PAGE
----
This announcement will be made by Jeff Waugh, who has also promoted the event on the GNOME mailing lists with this request:
This, in turn, has raised some eyebrows within the GNOME community. It has been pointed out that the GNOME Foundation charter reads like this:
This principle has real, concrete meaning for the foundation: All discussions must be publicly viewable, any person must have the opportunity to contribute to the decision-making process, and every GNOME contributor must have the direct ability to influence the decisions which are made.
How, it was asked, do secret plans for a high-profile announcement of a major new direction for the project fit with those words from the charter? Where is the "publicly viewable" discussion which led up to these plans? How has it been possible for any person within the community to contribute to the process which led to this decision? Some developers see this sort of secrecy as being inconsistent with the open ideals of the GNOME project, and they have been asking why things are being done this way.
Jeff has explained the reasons behind this move:
Your editor is not privy to the substance of this announcement - though, as it happens, he will be present when the announcement is made, so stay tuned. Members of the GNOME community have been talking about taking advantage of opportunities in the embedded area for some time now, though. The venue the project has chosen (the Embedded Linux Conference) and the discussion of "mobility" give some strong hints as well. So it may well be that the core of this announcement will not come as a great surprise to active members of the GNOME project.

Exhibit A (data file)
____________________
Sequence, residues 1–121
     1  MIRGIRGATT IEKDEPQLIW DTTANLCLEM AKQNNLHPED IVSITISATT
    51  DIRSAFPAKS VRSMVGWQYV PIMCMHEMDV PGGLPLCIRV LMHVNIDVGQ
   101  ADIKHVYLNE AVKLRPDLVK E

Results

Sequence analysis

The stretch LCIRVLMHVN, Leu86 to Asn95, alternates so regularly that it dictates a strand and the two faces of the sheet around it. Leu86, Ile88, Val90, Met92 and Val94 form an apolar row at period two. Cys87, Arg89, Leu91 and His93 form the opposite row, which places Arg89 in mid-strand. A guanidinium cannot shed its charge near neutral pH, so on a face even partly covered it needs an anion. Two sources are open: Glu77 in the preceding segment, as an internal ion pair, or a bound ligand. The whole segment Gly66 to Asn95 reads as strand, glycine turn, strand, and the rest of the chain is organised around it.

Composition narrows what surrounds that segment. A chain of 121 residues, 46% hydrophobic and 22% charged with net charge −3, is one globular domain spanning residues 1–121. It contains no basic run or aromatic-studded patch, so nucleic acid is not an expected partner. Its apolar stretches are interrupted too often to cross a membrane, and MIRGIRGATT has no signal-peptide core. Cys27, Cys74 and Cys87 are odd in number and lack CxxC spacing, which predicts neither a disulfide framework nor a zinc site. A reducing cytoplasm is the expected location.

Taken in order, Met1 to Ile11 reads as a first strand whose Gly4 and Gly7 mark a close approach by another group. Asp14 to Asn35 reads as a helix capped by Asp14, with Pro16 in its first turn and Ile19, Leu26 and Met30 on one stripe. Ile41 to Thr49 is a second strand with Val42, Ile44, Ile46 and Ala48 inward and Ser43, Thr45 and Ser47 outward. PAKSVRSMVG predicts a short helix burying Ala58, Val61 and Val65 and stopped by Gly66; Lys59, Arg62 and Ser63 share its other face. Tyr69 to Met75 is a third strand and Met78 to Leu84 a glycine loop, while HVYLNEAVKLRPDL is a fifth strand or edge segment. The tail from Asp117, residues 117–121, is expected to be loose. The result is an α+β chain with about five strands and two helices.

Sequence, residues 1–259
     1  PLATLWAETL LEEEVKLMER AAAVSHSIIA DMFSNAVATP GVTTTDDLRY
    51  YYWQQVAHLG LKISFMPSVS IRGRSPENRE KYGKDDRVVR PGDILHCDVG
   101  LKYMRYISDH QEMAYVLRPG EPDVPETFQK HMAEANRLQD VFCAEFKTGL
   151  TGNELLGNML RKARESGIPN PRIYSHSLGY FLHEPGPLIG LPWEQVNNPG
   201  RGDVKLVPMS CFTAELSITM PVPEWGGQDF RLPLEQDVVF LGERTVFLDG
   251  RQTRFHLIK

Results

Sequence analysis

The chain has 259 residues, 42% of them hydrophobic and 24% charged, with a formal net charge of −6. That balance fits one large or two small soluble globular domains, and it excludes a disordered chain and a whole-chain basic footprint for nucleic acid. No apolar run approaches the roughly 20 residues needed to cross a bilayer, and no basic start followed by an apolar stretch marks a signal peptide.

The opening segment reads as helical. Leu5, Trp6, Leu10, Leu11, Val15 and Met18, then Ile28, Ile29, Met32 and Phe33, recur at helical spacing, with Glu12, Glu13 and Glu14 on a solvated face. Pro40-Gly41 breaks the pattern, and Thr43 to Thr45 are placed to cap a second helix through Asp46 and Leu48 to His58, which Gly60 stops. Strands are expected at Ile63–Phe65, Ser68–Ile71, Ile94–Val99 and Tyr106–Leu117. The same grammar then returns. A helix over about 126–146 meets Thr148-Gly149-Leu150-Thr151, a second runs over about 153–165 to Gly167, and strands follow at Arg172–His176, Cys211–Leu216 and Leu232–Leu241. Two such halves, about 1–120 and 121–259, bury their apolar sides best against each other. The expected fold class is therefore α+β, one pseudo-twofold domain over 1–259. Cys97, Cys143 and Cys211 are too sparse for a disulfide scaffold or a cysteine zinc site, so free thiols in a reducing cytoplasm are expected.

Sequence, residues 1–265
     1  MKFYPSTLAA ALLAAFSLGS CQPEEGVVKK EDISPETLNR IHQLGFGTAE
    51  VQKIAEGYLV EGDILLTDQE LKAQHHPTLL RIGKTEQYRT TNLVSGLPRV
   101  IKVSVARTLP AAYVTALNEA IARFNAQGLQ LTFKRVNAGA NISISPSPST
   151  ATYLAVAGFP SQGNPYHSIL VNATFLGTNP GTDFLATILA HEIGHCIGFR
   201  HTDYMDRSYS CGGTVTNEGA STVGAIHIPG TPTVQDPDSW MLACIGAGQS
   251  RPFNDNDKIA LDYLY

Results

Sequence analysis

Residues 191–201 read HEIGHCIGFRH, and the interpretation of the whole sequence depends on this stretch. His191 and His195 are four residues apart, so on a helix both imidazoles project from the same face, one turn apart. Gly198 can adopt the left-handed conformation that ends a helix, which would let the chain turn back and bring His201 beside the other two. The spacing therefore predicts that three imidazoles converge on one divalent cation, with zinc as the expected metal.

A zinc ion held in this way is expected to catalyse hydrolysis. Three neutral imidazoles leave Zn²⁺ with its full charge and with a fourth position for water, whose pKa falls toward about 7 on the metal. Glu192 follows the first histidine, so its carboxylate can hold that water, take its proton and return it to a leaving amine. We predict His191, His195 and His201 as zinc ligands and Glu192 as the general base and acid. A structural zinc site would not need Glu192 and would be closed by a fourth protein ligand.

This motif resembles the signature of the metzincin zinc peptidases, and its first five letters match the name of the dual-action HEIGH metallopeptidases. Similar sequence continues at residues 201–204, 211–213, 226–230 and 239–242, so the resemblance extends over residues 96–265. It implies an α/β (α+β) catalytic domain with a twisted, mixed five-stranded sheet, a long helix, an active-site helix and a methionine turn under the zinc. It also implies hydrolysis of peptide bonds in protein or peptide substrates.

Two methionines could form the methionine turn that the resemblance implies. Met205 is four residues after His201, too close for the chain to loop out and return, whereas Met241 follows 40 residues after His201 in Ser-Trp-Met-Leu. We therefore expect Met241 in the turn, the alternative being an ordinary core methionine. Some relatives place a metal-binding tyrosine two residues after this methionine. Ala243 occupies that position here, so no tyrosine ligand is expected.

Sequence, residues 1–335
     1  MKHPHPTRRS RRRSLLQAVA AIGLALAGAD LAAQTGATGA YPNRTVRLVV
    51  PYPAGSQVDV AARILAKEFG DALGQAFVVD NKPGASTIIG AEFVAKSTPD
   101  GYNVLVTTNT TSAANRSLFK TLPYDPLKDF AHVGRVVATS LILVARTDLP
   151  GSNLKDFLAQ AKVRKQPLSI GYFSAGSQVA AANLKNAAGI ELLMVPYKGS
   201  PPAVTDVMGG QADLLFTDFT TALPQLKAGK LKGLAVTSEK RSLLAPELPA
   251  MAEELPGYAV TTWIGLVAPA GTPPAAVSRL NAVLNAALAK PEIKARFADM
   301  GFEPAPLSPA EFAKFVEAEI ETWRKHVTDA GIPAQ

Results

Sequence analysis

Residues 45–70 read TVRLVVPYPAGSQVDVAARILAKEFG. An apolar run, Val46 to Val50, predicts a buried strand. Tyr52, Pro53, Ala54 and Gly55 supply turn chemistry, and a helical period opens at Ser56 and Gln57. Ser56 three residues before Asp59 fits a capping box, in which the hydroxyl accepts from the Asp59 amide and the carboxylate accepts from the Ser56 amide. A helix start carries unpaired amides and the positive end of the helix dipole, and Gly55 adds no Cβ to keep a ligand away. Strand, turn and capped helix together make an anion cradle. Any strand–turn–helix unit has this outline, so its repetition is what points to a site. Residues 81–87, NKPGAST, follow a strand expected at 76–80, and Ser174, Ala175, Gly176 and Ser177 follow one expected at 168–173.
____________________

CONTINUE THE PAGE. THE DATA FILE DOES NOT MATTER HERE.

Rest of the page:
More to the point, there are limits to how much a group like the GNOME board can change the direction of such a big project. The project's direction will be determined (and demonstrated) by the code, documentation, artwork, and so on which gets created and contributed; there is little else that matters. Perhaps the board can arrange partnerships with companies which may result in the creation of certain kinds of code; as long as that code is developed in a community-friendly manner and does not bypass the normal review process, there is little to complain about.
Still, it's hard to avoid just a touch of discomfort with the sight of free software projects behaving like corporations. Hype-building, press releases, and flashy announcements may succeed in attracting the attention of the press, but they are not the best way for these projects to communicate with their users. We all benefit from the transparency that the free software process provides; free software users are generally happy to avoid the sorts of surprises that come with proprietary code. We do not need to be - and don't want to be - herded by way of carefully planned press events.
That does not appear to be what's going on here; instead, the GNOME board has simply chosen a relevant conference to announce projects that some GNOME developers have been working on for some time. Perhaps some companies will announce that they intend to use and support this work. It may well be true that the board's tactics will lead to wider coverage of what's going on, with a presumably positive effect on the GNOME user and developer communities. As long as the GNOME developer community is not surprised by what comes out, all should be well. But projects which want to take this approach in the future should always think carefully whether their attempts to catch the flighty attention of the press may leave their core developers feeling left out.
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